Proverbs 16:28 NASB "A perverse man spreads strife, And a slanderer separates intimate friends." So gossip causes division. Divisiveness and strife is part of the works of the flesh or the sin nature. 

 

Proverbs 17:9 NASB "He who conceals a transgression seeks love, But he who repeats a matter separates intimate friends." In both of these verses is the issue of how friends are separated as a result of someone talking out of turn, telling tales on somebody else, spreading gossip.

 

Proverbs 18:8 NASB "The words of a whisperer [talebearer] are like dainty morsels …" We just love the juicy gossip about people. We want to know what is going on. "… And they go down into the innermost parts of the body." In other words, this has an impact on the spiritual health of an individual.

Proverbs 20:19 NASB "He who goes about as a slanderer reveals secrets, Therefore do not associate with a gossip."

 

Proverbs 26:20 NASB "For lack of wood the fire goes out, And where there is no whisperer, contention quiets down." There is an analogy here that for a fire to burn there must be fuel. The fuel is wood. The fuel of strife and discord is usually gossip and slander. If we remove that then unity can be restored. [21] {Like} charcoal to hot embers and wood to fire, So is a contentious man to kindle strife."

 

So as we look at these passages we are reminded that there are these biblical standards for us in terms of understanding how we are to control what comes out of our mouth.

 

There is also a series of contrasts in the Scripture between the righteous and the wicked. Proverbs 10:20 NASB "The tongue of the righteous is {as} choice silver …" It has value. It strengthens discourse. It builds people up. It is something that is positive. But, "… The heart of the wicked is {worth} little."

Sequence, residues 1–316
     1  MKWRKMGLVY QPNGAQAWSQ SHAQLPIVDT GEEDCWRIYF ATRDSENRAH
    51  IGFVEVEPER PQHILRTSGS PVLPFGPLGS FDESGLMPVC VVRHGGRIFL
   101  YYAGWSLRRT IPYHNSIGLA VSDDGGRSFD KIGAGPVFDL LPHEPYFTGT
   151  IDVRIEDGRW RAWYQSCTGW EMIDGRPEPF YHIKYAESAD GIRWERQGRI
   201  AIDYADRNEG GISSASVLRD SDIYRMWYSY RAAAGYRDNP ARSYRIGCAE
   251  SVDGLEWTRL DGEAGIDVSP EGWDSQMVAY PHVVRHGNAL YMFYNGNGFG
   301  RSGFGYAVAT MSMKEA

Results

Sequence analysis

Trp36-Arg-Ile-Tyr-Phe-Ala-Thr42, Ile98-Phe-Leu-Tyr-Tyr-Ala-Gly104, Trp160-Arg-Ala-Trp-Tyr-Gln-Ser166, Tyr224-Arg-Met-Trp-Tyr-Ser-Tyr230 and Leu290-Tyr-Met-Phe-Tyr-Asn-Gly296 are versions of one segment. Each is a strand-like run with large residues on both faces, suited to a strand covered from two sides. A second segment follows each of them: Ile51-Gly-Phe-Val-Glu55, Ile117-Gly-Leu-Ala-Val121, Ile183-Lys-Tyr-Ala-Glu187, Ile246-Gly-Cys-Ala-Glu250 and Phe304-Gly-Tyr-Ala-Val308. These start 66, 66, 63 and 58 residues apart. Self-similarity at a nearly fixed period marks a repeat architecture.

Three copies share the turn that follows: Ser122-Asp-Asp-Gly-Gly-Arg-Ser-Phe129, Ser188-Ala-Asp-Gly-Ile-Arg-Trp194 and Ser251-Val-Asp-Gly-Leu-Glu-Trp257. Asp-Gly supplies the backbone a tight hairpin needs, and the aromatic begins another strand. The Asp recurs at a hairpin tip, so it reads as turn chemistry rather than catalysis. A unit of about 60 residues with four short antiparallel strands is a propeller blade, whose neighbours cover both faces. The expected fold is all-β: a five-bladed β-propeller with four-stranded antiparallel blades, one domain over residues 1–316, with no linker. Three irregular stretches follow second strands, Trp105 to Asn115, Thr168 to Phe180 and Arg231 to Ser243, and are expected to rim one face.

Notice the parallel between the tongue of the wicked and the heart of the righteous. What comes out of the mouth reveals what is in the heart. The heart if the wicked is going to produce gossip, slander and lies, and is a source of discourse, whereas the tongue of the righteous builds up.

 

Proverbs 15:28 NASB "The heart of the righteous ponders how to answer …" Notice the self-restraint that is there. He thinks about how to answer, he doesn't just say the first thing that comes into his head, doesn't just react instantly; he thinks about what is the appropriate way to respond to a given situation. "… but the mouth of the wicked pours forth evil things."

 

Proverbs 15:2 NASB "The tongue of the wise makes knowledge acceptable, But the mouth of fools spouts folly."

 

Proverbs 10:31, 32 NASB "The mouth of the righteous flows with wisdom, But the perverted tongue will be cut out." That is simply a metaphor or way of talking about it being removed because of the destructive consequences of the perverse tongue. "The lips of the righteous bring forth what is acceptable, But the mouth of the wicked what is perverted." Again, there is the contrast in behavior between the righteous and the wicked in terms of what come out of the mouth.

 

Proverbs 12:6 NASB "The words of the wicked lie in wait for blood …" Someone lying in ambush. "… But the mouth of the upright will deliver them." The wicked are looking to take advantage of other people, to destroy other people. The focus of the righteous is to save or deliver other people. 

 

Proverbs 14:3 NASB "In the mouth of the foolish is a rod for {his} back …" The rod is often used as a physical instrument of domination. It is talking about abusive language. "… But the lips of the wise will protect them." What the wise person says preserves and delivers those around him.

 

Proverbs 14:23 NASB "In all labor there is profit, But mere talk {leads} only to poverty." Idle chatter. If you stand around and talk all the time you are all talk and no action. Nothing is positively produced.

 

Proverbs talks about the words that we say and the value of the words. There is a great application here for believers. What are the most important words that we can say?

 

John 6:68 NASB "Simon Peter answered Him, 'Lord, to whom shall we go? You have words of eternal life.'" If we as believers are going to have words that have value the most important words that we have are those which focus other people upon the grace of God, first and foremost in salvation, and secondly in terms of the spiritual life.

 

John 6:63 NASB "It is the Spirit who gives life; the flesh profits nothing; the words that I have spoken to you are spirit and are life." So the wise words that we communicate can begin with the words of Scripture, the words of the gospel, and the words related to the spiritual life. We need to make sure that our words are "seasoned", as the Scripture says, with grace, that our focus is on the Word, and that people can see match between the way we live and the way we talk.